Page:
Damon Knight and Mundane SF

By coincidence, I had just been commenting about Damon Knight myself: I am a bit disgruntled with the fellow because of his somewhat condescending and unpleasant opposition to the favorite space opera author of my childhood, A.E. van Vogt.

I was chided for being too harsh when (too me) my comment seemed mild and not at all disrespectful to Mr. Knight. I was told that one ought not to speak ill of he dead: I admit I had no idea ya’ll Yankees were as delicate and precise in your sense of honor as we thin-skinned Southern Gentlemen, or that Mr. Knight was beyond even mild rebuke.

I admit I would perhaps have been harsher had I read this essay by Jordan S. Bassior, which I fully recommend.

http://fantasticworlds-jordan179.blogspot.com/2011/05/damon-knight-and-conceptual-ancestry-of.html

[The] Mundane movement, far from being rooted in “hard science,” operates by ignoring those aspects of “hard science” which would render the limitations they propose on the human future to be silly, short-sighted and absurdly parochial in a vast Universe.

Recently, I discovered a forty-year old article, “Goodbye, Henry J. Kostkos, Goodbye,” by Damon Knight  (1922-2002), in Clarion II (1972), which demonstrated even older roots to this attitude, way back in the American branch of the late New Wave.  Knight shows in this essay both a greater grasp of science than the modern Mundanes (though he makes a major error in his understanding of cultural evolution) but also more nakedly displays the hatred of humanity which lies at the core of the Mundaniacs, and for this reason the article is highly interesting.

As the founding member of the New Space Princess Movement of literary speculative fiction, I also have my reservations about the literary and philosophical value of the Mundane Science Fiction movement, even if my reservations are not as strong as those expressed above.

I have read classics of the genre, perfectly enjoyable, which take place on Earth, or in futures with relatively modest speculations about space colonization or travel: George Orwell or Aldous Huxley come to mind, or even near-future fiction by Mike Flynn, who wrote FIRESTAR and WRECK OF RIVER OF STARS — positing very little by way of space-operatic supertechnology.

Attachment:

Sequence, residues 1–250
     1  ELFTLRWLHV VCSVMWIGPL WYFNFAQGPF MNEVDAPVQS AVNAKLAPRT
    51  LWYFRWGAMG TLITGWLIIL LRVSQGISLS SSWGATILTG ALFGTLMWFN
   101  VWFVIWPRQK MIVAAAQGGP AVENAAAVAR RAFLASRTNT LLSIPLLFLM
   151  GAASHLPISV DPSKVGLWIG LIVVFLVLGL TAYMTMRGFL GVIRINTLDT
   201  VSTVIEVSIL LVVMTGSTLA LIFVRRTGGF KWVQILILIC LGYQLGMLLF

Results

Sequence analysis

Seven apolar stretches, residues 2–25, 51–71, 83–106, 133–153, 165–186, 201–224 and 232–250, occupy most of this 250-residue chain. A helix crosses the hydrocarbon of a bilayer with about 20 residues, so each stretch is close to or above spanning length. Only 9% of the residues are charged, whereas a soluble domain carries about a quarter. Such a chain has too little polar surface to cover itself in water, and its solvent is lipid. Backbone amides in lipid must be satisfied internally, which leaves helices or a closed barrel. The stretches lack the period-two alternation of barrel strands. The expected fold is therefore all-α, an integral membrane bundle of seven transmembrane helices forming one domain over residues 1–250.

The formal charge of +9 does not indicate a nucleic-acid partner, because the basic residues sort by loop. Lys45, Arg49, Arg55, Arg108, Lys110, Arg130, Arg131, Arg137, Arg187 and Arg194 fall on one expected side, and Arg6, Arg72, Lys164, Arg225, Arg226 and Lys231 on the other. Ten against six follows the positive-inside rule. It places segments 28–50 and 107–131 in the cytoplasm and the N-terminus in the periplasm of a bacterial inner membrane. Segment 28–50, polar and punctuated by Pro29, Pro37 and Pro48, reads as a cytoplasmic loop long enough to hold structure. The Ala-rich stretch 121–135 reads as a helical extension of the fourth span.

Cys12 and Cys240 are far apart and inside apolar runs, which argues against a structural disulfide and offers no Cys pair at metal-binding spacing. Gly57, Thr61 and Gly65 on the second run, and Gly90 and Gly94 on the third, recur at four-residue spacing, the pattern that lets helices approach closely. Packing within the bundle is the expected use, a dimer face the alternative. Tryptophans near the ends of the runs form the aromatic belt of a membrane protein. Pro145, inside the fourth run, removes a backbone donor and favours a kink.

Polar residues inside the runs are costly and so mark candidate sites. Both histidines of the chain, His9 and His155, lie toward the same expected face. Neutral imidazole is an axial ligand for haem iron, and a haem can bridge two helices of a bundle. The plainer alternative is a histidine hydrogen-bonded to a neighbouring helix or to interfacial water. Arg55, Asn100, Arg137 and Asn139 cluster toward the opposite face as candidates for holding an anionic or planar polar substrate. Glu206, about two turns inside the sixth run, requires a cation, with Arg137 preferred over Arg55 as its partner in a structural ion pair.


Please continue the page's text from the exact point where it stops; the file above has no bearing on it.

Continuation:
So I do not think necessarily the case that a book that fits the deliberately limited settings and times and themes of Mundane SF is a bad book.

I also have rather grave doubts about the feasibility of space colonization, or star travel, given that we live in a universe where, as best we can tell, faster than light drive is starkly impossible, and travel at near-light-speeds absurdly expensive and absurdly dangerous, and travel at Newtonian speeds taking absurdly long timespans, far greater than the life of earthmen or of earthly civilizations, with no obvious short term reward to repay the outlay.

On the other hand, I prefer classical models for literature. Homer and Virgil and Milton and Dante and Ariosto and Tennyson and Keats wrote any number of works that involved rather fantastical elements, no matter how realistic their realistic elements might be.

To the degree that Mundane SF falls into the temptation to make a political statement, particularly a statement favoring the policies of the political and cultural Left (who are — I will avoid partisan hyperbole and speak in mildest understatement — servants of Lord Sauron the Great, and must be slain with fire to preserve human civilization) it compromises its artistic merit, and devolves into mere pretension.

I very, very scrupulously avoid any and all political statements in my own work, or anything that hints of such matters, lest my sterling artistic integrity be compromised, or my readers be put off by the intrusion of unwanted elements.

By the way, my next book is called TOM SWIFT AND HIS ELECTROMOTIVE DEBT DEMONETIZER VOTE FOR SARAH PALIN AS SHOULD YOU.

It is a prequel to my prior book VOTE CONSERVATIVE OR ASLAN WILL MAUL A BIG-EYED PUPPY.

The story involves two time traveling economists, Keynes and Hayek, who burst into song at unexpected intervals. I happen to have a video right here:

 

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